Une méthode d’analyse de la rhétorique visuelle appliquée aux contenus haineux sur Internet
Dr. Arne Scheuermann
Dr. Jachen C. Nett
Depuis 2015, le groupe de recherche VIRAL (Visual Rhetoric Analysis Lab) de l’Unité de recherche en stratégie de la communication de la Haute école des arts de Berne (HKB) analyse le concept éditorial du webzine de l’État islamique Dabiq selon la méthode présentée ci-dessus (voir Scheuermann/Beifuss 2017).
Internet est une mine d’or pour quiconque veut diffuser des idées racistes et inciter les gens, de manière implicite ou explicite, à commettre ou tolérer des actes de violence. Parmi les nombreux outils offerts par le web, le recours aux images figure en très bonne place : contrairement à l’écrit, qui est un canal de transmission relativement lent, les images agissent directement et efficacement sur les émotions des internautes. De par leur immédiateté, les images constituent souvent une incitation implicite à l’action. La rhétorique visuelle étudie ces phénomènes sous un angle scientifique. Cette discipline se fonde sur la constatation que le recours aux images permet presque toujours de provoquer une réaction. Les images violentes déclenchent par exemple une forte réaction émotive, et ce généralement sans grand besoin d’informations contextuelles.
La méthode d’analyse de la rhétorique visuelle en quatre étapes développée à Berne permet de mesurer efficacement la réaction suscitée par les contenus haineux diffusés sur Internet. Par rapport à d’autres méthodes d’analyse de l’image, celle-ci a la particularité de traiter les aspects de fond et de forme comme un tout.
Le matériel soumis à l’analyse du groupe de recherche provient du Demokratiezentrum Baden-Württemberg (Centre pour la démocratie du Bade-Wurtemberg, www.demokratiezentrum-bw.de). Il s’agit de 312 captures d’écran de pages Internet qui ont été signalées à cette organisation privée entre octobre et mai 2018. Via sa plateforme en ligne respect! l’organisation reçoit des signalements anonymes de contenus web inappropriés et vérifie si ceux-ci constituent une infraction pénale. Dans le cas présent, le groupe de recherche a sélectionné 156 mèmes de cette base de données, en collaboration avec des chercheurs des Universités de Mannheim et de Munich.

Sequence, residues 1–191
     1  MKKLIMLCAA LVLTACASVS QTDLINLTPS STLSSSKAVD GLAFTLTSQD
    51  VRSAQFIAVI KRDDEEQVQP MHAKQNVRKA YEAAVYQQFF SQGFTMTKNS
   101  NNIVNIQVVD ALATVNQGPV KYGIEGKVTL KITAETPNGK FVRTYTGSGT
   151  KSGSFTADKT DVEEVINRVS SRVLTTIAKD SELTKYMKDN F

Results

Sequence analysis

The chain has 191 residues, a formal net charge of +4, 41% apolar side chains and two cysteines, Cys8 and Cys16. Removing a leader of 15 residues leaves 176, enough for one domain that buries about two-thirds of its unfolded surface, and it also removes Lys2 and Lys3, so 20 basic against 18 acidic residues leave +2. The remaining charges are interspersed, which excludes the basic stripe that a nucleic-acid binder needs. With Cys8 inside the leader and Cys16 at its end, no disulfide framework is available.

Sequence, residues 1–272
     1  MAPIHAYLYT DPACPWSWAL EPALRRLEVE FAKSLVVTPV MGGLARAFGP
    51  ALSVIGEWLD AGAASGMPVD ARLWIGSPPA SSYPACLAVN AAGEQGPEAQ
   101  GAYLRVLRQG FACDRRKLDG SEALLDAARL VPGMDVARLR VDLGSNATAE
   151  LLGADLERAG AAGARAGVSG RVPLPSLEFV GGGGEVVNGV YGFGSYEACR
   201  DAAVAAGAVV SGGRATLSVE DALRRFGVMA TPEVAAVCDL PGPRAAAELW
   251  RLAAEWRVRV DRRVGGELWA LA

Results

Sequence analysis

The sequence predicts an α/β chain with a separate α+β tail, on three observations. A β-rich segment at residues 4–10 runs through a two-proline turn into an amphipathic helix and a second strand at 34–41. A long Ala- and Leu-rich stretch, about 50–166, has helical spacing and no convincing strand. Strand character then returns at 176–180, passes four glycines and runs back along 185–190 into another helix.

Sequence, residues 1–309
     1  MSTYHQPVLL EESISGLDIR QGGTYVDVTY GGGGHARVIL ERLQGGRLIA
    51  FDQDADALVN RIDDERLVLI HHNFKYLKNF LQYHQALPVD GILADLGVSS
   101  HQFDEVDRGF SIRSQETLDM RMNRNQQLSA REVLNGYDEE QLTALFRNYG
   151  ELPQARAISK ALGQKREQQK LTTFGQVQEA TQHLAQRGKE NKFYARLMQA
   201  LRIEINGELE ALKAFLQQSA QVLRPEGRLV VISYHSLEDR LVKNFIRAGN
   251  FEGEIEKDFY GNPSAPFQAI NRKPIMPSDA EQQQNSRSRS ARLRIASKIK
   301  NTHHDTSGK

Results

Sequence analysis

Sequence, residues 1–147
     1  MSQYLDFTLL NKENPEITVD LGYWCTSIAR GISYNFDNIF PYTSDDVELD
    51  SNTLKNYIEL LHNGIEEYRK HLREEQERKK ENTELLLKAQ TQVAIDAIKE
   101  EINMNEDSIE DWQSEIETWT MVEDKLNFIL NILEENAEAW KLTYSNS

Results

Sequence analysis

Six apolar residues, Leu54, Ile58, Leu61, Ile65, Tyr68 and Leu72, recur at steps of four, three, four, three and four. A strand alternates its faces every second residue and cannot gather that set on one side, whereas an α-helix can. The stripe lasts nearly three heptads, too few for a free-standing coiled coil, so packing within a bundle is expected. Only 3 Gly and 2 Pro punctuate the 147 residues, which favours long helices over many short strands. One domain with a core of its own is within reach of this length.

La méthode d’analyse de la rhétorique visuelle a permis d’identifier des schémas récurrents et de relever plusieurs clés d’analyse qui semblaient particulièrement pertinentes. À partir de là, le groupe de recherche a classé le matériel en trois catégories, en fonction des techniques utilisées. La première catégorie rassemble les mèmes dont le caractère agressif et violent n’est pas flagrant au premier abord, mais dont le contenu tombe sous le coup de l’art. 86 du code pénal allemand (interdiction de diffuser du matériel de propagande d’organisations anticonstitutionnelles). Une deuxième catégorie regroupe les mèmes dont la stratégie consiste à présenter une argumentation crédible pour jeter le doute sur des connaissances établies. Enfin, la troisième catégorie est celle des mèmes dont le caractère agressif et violent apparaît clairement. Ici, la stratégie consiste à dénigrer, intimider, humilier ou déshumaniser certaines personnes ou catégories de personnes.
Les résultats de l’analyse suggèrent que le recours simultané au texte et à l’image fait partie intégrante des stratégies d’élaboration des contenus haineux, dont il permet d’accroître l’impact émotionnel. En conclusion, ces résultats confirment la thèse selon laquelle les techniques jouant sur l’affect et les autres outils stylistiques sont utilisés de manière tout à fait intentionnelle dans les contenus haineux diffusés en ligne.
Harles, Danilo (2018): Rechtsextreme Inhalte und die Art ihrer Vermittlung in Internet-Memes. Eine Inhaltsanalyse von Bild-Makro-Memes aus dem Social-Web. Eine wissenschaftliche Arbeit zur Erlangung des Grades Bachelor of Arts (BA) an der Ludwig-Maximilians-Universität München.
Scheuermann, Arne (2017): Die rhetorische Designanalyse und Buchanans ›Design-Argument‹ – am Beispiel des Lego Star Wars AT-AT Walker 4483. in: Vidal, Francesca (ed.) (2017): Rhetorik. Ein internationales Jahrbuch, (vol. 36: Rhetorik im digitalen Zeitalter), Berlin/Boston: de Gruyter, 109–127.
Scheuermann, Arne, Artur Beifuss (2017): The Visual Rhetoric of the Islamic State – an Editorial Design Case Study of the IS Magazine Dabiq, = HKB Research Paper No. 16, Hochschule der Künste Bern HKB: Bern.